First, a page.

What next for a god?

Early Thursday, the line outside the cricket ground stretched for several blocks. The fans shouted and cheered and waved pricey, hard-won tickets. They paid for street painters to brush orange, white and green on their faces, the colors of India’s flag. Some had traveled from as far away as England and the United States to see the “God of Cricket” play one last time. On Friday, India had a final look at Tendulkar on the field. After two days of batting, he departed, ending with 74 runs for the match against the West Indies.

Many of the fans who came to Wankhede stadium this week are in their 20s and cannot remember when Sachin wasn’t playing for India — so they anticipate an empty feeling when they switch on a cricket telecast in the coming months. Neighborhood watch parties will be no more. Some said they were swearing off cricket altogether.

“My childhood is getting over in the next five days,” said Neeraj Jain, an investment banker from Mumbai whose 25 years essentially span Tendulkar’s cricket career. “You can’t process all the emotions coming through. I only see matches to watch him play. I don’t know if I will watch cricket after this.”

As for Tendulkar himself, he seems to have enjoyed the waves of accolades he has inspired since he announced his retirement Oct. 10. They wanted to give him an honorary dinner in the eastern city of Kolkata, and he declined, but someone made a wax statue of him anyway. Gold coins have been minted in his honor, stamps created, songs written, “Salaam Sachin” billboards plastered everywhere.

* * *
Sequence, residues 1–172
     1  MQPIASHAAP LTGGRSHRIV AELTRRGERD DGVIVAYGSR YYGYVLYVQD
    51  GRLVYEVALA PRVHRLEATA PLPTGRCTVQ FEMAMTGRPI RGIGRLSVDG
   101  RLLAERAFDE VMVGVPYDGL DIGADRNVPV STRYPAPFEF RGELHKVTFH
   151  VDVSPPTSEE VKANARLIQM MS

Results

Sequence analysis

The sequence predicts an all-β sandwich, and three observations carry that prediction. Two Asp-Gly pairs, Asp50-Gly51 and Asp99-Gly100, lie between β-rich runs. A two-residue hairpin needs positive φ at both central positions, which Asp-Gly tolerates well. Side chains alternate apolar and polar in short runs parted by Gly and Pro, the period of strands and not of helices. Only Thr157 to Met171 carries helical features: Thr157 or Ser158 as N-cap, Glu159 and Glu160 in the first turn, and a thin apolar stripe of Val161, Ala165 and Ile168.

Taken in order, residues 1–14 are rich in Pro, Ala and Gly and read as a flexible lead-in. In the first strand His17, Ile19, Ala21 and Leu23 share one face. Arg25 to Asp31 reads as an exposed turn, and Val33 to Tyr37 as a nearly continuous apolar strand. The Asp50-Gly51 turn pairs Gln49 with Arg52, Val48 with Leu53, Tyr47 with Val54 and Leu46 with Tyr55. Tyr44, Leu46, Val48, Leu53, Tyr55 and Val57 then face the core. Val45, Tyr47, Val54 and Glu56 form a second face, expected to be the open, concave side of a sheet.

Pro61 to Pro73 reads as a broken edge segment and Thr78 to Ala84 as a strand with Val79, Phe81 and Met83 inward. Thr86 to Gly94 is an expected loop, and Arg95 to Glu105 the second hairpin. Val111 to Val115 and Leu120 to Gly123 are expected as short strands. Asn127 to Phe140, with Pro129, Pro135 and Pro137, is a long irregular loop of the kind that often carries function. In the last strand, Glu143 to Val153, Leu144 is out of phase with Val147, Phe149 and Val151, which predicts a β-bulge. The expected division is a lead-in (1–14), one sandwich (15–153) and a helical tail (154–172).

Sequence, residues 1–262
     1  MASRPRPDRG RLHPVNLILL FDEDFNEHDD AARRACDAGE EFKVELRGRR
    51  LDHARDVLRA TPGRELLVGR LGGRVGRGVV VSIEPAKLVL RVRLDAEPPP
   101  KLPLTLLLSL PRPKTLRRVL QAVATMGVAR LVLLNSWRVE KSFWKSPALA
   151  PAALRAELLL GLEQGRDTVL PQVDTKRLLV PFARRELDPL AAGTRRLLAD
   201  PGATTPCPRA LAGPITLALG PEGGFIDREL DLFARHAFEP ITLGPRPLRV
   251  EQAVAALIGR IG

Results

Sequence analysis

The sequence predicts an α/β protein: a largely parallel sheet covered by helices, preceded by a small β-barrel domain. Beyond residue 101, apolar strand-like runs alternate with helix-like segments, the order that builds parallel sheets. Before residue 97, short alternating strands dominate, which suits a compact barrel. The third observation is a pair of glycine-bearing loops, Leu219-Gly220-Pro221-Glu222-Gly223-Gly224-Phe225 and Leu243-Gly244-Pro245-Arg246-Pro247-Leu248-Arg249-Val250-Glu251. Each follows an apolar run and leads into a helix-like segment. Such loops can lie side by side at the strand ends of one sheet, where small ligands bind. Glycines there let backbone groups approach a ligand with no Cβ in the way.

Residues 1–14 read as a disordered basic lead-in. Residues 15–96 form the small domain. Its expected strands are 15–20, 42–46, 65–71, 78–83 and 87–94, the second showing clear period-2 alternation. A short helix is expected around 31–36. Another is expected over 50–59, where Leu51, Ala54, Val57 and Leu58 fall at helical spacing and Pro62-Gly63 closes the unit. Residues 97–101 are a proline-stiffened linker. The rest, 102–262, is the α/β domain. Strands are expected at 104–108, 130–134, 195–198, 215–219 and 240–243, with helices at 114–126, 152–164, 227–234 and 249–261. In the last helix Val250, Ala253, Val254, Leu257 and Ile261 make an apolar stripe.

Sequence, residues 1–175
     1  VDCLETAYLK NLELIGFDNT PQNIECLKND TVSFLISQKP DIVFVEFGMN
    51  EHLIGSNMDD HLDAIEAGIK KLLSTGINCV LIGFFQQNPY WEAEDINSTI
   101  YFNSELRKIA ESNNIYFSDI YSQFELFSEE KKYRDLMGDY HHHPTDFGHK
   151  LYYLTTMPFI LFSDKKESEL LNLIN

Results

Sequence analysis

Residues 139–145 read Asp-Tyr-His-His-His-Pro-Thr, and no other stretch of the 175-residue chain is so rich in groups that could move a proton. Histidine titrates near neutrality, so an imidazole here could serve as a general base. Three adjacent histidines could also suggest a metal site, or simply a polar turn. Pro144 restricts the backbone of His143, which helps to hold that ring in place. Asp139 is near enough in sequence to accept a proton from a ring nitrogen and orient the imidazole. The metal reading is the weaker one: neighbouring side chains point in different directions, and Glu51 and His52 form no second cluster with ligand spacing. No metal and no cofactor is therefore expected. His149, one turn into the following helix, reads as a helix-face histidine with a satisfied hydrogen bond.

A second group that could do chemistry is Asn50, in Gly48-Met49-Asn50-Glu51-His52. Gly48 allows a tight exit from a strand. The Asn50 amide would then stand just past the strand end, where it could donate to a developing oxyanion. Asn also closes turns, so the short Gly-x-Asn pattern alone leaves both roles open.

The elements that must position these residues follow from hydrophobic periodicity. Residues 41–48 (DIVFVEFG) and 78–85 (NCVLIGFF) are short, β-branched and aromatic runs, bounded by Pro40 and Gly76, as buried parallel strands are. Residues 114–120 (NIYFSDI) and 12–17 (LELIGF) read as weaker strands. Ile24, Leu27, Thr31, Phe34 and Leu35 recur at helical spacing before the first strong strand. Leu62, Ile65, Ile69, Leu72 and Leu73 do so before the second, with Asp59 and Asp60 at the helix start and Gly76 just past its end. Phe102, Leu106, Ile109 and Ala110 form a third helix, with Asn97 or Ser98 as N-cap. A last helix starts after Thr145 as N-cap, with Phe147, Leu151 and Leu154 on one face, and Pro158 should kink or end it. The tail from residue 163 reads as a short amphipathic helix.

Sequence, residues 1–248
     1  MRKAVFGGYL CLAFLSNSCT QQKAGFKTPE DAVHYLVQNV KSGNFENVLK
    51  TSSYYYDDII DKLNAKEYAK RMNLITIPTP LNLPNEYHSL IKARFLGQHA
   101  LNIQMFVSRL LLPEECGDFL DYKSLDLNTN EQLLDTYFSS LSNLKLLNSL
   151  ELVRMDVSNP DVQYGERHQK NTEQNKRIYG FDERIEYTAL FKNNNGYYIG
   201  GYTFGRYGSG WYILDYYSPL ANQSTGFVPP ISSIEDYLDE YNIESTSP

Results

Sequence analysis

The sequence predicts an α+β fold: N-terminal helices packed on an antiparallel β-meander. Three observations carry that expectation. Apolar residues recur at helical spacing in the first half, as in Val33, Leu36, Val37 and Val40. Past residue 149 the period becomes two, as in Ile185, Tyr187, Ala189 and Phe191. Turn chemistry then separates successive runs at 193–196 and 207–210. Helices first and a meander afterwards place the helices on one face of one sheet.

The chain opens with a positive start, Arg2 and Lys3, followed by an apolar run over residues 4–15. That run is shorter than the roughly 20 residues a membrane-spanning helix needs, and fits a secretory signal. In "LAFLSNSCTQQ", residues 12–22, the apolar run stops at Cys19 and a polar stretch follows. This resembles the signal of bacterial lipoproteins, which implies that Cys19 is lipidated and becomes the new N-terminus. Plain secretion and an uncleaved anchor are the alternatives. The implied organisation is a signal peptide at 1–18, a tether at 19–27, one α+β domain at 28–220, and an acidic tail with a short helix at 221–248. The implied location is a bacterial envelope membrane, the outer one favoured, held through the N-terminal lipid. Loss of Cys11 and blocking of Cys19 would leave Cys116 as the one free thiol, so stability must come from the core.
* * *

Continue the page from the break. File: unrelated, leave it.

There is speculation that he might be interested in politics next — he’s already been named a member of India’s Rajya Sabha, something like Britain’s House of Lords. He has said that he wants to travel with his family. His fans hope he’ll come back to the national pastime as a commentator or coach, but he hasn’t said anything.

“I don’t think it’s sunk in yet,” said Majumdar, just before Thursday’s match began. “He’s got five days of cricket left. He wants to love every moment.”

Cricket writers who covered a team practice earlier in the week reported that Tendulkar seemed a bit wistful when batting practice was over. After he climbed the stairs to the dressing room, one reporter wrote in Mumbai’s DNA newspaper, he turned back to look over the wide expanse of the green field one last time.

Suhasini Raj contributed to this report.